False Starts and Moving Parts

December 11, 2014
I make this face when I sit down to write.

The last post to the site was October 1st. I am writing this on December 1st 10th. I have consulted leading mathematical experts, and they are in agreement that my last post was over two calendar months ago. This was partly intentional. It was in early October that I committed myself fully  to participating in National Novel Writing Month, and once that decision was made I also decided that I would not write for this blog during the month of November. I needed to focus on something singular and specific, and I still believe that was the right choice.

However, that somehow led to my total avoidance of writing here in October as well.

Don’t you love that word? Somehow. Absolves responsibility. It wasn’t me it was the UNIVERSE.

Still, the word ‘somehow’ feels appropriate because I did not intend to neglect this site for the month of October. In fact, I planned to write about my decision to tackle NaNoWriMo. Beyond that topic, I have a healthy and growing backlog of post ideas, including a few that are relatively close to completion. So why, then, did I abandon this place just as I had built some momentum here?

I see three reasons. None of them make me feel particularly great, but they are worth exploring for whatever insight they might grant to preventing this sort of negligence in the future.

 Analysis Paralysis

It rears its ugly head again. I still have not well, truly and properly decided what this site is about and what I want out of it. In deciding to blog in the first place, I vacillated between several different possible areas for subject matter. These included focusing on the experience of trying to write professionally, urbanism and city development, and more of a catch-all where I would write whatever I please. I thought I had landed on the third one. The most important thing, I believed, was to have an outlet for writing above all else. Initially I felt that if I built a website, I needed to follow a clear and specific professional focus in order to attract an audience. Then I decided an audience was not my primary concern. What professional purpose would my blog serve anyway? I just wanted a place to get out my thoughts.

I need this tattooed on my forehead. In reverse, of course, so I can read it in a mirror.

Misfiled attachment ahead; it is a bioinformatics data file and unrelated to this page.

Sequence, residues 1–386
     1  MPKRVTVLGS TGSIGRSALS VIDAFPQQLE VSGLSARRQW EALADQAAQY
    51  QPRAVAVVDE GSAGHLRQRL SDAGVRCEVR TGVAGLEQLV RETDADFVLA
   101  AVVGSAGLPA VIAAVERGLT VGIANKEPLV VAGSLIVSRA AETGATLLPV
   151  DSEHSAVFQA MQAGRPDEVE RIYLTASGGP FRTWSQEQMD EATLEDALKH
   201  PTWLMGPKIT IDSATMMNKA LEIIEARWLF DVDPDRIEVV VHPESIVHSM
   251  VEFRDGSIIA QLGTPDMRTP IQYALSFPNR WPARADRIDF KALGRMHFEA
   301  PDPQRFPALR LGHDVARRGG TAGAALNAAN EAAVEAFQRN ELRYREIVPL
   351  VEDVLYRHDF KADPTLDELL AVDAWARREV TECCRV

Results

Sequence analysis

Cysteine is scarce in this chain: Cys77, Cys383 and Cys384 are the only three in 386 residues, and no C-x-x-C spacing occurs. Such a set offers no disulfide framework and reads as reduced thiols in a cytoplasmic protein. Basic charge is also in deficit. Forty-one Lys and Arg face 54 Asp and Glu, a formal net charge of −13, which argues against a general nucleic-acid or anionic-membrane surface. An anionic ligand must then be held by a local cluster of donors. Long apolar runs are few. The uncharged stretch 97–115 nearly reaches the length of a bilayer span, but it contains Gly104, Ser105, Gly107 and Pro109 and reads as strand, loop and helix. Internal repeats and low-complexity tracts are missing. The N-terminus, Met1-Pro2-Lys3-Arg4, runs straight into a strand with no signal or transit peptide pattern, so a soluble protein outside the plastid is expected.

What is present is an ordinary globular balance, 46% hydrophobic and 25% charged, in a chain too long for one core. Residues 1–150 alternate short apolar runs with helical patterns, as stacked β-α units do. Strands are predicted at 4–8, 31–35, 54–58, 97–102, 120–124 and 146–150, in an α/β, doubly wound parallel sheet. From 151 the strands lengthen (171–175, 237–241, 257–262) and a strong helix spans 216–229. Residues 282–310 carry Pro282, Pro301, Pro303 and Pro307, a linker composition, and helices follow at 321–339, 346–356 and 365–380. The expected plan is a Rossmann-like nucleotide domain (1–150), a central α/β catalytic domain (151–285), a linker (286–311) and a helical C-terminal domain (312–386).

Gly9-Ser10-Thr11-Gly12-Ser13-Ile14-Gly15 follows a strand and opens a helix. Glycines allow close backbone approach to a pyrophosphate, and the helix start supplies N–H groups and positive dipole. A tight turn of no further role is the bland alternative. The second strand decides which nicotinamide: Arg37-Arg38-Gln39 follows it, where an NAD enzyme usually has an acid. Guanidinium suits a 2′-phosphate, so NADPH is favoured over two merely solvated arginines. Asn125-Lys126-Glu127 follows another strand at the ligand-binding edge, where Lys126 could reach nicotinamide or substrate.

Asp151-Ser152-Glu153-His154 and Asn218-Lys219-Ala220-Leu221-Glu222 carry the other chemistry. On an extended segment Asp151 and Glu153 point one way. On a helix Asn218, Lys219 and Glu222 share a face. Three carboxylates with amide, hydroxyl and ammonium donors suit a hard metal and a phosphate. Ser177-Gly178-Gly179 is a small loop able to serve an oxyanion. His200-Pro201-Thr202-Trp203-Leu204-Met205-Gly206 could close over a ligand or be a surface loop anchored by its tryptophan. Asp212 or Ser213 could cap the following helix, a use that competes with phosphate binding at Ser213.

Then the post from October 1st went up. I wrote it as my personal response to the first Strong Towns Citizens Challenge. This was a decidedly urbanism-focused piece, and I wrote it just as I was about to focus on fiction for the month of November. I did it because it was interesting to me, and it gave me a specific task to complete. I did not do it thinking it would receive any attention beyond the small world of fellow Strong Towns nerds. I thought it would barely make a ripple even in that small world.

But something unexpected happened.

The article linked above summarized the responses from the Strong Towns community, and to my complete surprise my name and my post were mentioned. In fact, I was the first response cited in Andrew Burleson’s article. Now, Strong Towns is not a large organization in numbers, but it has a fairly wide reach and it receives a lot of attention in urbanism circles for its novel approach to issues facing cities in towns. I am additionally convinced the idea of people talking about what it’s like to walk to a grocery store, despite how mundane it sounds, resonated with people interested in the walkability of our municipalities. For those reasons, Andrew’s summary article was picked up by the venerable City Lab and reposted by Streetsblog in addition to appearing on Strong Towns.

These companion articles and reposts had the effect of driving traffic to this site. My site! This one right here! Not a lot. But some. Which by definition was the most I’ve had since this place as of now largely remains my little secret.  Out of nowhere there were people visiting the site, and I panicked a little. I had hoped to have a significant backlog of posts before making any attempt to share this site more widely.